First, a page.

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Britta Gustafson: A district theater legacy in its second act

With an eye toward the future, we should honor the District Theater’s past

Britta Gustafson
Then Again
Britta Gustafson for the Snowmass Sun

Amid all the recent talks about upgrades to the Aspen District Theater, I’ve found myself thinking about the history of the space — both public and personal — and reading though playbills, documents and articles that my dad tucked away from that time in his life, when he was the architect who worked on the design of the space.

“The precious thing we are interested in conveying to the younger generation, through dance, is an interest in culture life,” wrote Andrew Hecht, president of the board of Dance Aspen, in a 1991 playbill dubbed “the prelude season” as the community prepared to usher in the brand new District Theater era in partnership with the Aspen schools.

And from my perspective, it has done just that. Over the past 30 years, not only have our students and community at large enjoyed exposure to world-class performing arts experiences, but our children have had the priceless opportunity to experience a professional theater facility on their campus. Many Aspen High School grads went on to pursue high level careers in theater, including some of my own classmates.



“The training I received from learning in the District Theater made me a knowledgeable and versatile artist, which helped launch my career in theater,” said Joanie Schultz, who attended Aspen schools and now works as the associate artistic director of Cincinnati Playhouse in the Park. “I hope every student can have the opportunity to learn on such a stage.”

Now, nearly three decades into the life of the Aspen District Theater, we’re waiting in the wings for the space’s second act.




I feel grateful for the time I’ve spent sitting in that theater for school plays, assemblies, ceremonies and concerts, first as a student and now as a parent in Aspen School District.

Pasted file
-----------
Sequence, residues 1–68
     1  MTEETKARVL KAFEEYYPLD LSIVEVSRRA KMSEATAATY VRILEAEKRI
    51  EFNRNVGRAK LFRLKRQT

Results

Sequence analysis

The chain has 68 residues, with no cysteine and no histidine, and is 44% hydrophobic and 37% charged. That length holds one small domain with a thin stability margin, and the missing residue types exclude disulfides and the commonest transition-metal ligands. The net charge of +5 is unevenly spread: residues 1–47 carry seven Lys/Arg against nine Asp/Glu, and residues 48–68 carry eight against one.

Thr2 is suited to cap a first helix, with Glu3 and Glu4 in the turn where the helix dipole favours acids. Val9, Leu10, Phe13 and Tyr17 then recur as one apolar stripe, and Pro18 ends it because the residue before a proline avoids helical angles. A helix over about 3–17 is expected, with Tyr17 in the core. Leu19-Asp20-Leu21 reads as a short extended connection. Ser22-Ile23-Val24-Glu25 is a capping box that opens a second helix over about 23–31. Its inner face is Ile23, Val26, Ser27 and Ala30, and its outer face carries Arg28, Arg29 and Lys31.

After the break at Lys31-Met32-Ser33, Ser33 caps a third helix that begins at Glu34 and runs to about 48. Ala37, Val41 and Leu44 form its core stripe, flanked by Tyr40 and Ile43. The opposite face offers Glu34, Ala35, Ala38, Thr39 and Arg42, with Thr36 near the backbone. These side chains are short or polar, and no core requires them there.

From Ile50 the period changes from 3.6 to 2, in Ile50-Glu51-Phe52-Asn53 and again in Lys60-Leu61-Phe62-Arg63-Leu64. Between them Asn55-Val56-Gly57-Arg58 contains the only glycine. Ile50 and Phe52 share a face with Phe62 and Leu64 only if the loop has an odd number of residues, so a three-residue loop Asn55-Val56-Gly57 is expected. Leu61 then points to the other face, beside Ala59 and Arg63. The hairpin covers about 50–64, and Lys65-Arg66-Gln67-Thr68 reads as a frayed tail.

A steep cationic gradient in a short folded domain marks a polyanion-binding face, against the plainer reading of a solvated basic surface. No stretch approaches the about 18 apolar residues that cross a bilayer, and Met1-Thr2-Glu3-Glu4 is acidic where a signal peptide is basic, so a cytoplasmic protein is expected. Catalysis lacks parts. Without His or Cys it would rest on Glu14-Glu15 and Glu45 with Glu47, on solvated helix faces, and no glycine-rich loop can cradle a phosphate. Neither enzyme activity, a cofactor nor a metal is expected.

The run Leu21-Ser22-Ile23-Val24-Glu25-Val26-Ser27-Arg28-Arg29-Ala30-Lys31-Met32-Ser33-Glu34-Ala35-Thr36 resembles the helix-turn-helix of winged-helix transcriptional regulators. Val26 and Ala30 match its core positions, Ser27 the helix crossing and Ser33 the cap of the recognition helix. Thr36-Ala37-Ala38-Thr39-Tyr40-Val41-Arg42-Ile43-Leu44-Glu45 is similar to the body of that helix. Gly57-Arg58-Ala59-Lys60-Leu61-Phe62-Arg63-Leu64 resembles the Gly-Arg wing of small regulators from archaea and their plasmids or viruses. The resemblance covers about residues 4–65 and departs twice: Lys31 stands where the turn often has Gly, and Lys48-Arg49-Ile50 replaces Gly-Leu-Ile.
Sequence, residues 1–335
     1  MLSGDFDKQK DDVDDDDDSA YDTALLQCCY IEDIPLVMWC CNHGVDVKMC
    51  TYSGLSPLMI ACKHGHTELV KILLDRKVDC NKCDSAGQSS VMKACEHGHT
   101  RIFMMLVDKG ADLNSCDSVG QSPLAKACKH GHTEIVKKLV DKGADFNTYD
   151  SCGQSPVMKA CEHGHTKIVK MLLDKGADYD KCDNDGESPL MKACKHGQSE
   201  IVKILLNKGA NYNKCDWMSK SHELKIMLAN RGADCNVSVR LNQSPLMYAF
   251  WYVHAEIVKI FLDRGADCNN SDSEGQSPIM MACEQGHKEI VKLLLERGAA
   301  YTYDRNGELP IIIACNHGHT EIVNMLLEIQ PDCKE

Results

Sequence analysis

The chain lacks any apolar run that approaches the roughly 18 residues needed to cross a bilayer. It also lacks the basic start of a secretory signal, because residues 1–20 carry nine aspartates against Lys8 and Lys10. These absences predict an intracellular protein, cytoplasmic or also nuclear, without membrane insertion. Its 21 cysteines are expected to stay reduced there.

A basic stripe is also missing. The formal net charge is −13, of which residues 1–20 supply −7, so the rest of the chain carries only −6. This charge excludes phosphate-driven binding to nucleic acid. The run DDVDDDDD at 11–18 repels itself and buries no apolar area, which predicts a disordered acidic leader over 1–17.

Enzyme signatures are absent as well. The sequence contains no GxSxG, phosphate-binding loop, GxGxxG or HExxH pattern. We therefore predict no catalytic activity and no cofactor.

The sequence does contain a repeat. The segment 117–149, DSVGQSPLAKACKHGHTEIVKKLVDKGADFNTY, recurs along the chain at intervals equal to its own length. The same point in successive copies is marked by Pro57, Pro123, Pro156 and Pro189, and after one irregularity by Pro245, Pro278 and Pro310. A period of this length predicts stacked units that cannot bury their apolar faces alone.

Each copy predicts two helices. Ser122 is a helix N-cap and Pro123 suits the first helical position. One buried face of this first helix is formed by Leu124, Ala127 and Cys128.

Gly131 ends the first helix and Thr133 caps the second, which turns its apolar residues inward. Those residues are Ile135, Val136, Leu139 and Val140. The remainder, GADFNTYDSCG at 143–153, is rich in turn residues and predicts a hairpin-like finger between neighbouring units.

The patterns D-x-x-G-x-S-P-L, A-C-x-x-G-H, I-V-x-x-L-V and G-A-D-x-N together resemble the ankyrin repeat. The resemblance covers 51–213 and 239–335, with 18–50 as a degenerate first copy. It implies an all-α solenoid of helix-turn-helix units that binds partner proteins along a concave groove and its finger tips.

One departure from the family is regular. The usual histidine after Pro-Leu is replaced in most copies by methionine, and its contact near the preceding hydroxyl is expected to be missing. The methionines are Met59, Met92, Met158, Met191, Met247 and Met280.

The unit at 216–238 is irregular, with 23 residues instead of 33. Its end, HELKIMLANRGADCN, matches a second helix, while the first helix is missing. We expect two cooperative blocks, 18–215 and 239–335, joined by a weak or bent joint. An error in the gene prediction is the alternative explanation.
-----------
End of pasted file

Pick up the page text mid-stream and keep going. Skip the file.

The energy that radiates when the seats are filled with excited elementary schoolers is an awe-inspiring performance in itself: as the buzz nears a crescendo, the lights go down, the curtains rise and a hush goes over the young audience. Their eyes sparkle; they’re transported.

For those about to step out onto the stage, that moment in the limelight will last a lifetime in their memories. It is a truly magical experience. To have a facility like this for our school children that is available right inside the school is exceptional.

And it almost didn’t happen.

Even as a kid, I knew the District Theater was a precious thing that required great efforts and perseverance to bring to fruition. I knew this because my father, Jim Gustafson of Caudill, Gustafson & Associates, was the architect who not only designed the elementary school and District Theater, but also advocated for it against a significant headwind of adversity.

This struggle to exist was, as he put it, “an uphill battle all the way,” and that work was a part of my childhood. Many flat-out opposed having a performing arts facility of that caliber in the elementary school.

It was a “venture perhaps unlike anything in America,” Hecht wrote in his 1992 letter to the community in the District Theater’s opening season playbill. “Two important institutions, both charged with enhancing the substance and quality of life in our community, worked together to build a performance center which would have been impossible for either to accomplish alone,”

Hecht went on to acknowledge that after years of public debate, Dance Aspen and the public schools “each put their own agendas aside, to create an environment of trust and mutuality of purpose that allowed something to occur, the sum of which was far greater than its individual elements.”

“Even these efforts would not have been rewarded with such a generous result had it not been for the heroic efforts of Jim Gustafson of Caudill, Gustafson & Associates and Tom Farrell, Superintendent of the Aspen School District,” Hecht wrote.

Trust was the foundation on which partners designed, funded and built a space that would be significantly more expensive than the typical elementary school facility.

In its day, it was a feat, and not unlike today it required compromise and creative thinking. It is woven into the fabric of our local school system and the community now. It was never expected to be a full service performance venue, but rather a space for professional dance performance and an exceptional education tool.

I hope that isn’t lost as the space evolves; it still is a wonderful space for learning, but it’s due for an upgrade according to members of the performing arts community. The district’s $114 million bond has planned at least a few million of those funds for improvements to performing arts. But as we look forward with an eye on the ticking clock, my hope is that we can maintain the profound impact of a learning-process theater that balances education and performance.

Let’s exchange a piece of my mind for a little peace of mind; after all, if we always agree, what will we talk about? Britta Gustafson appreciates an open mind; share yours and email her at brittag@ymail.com.


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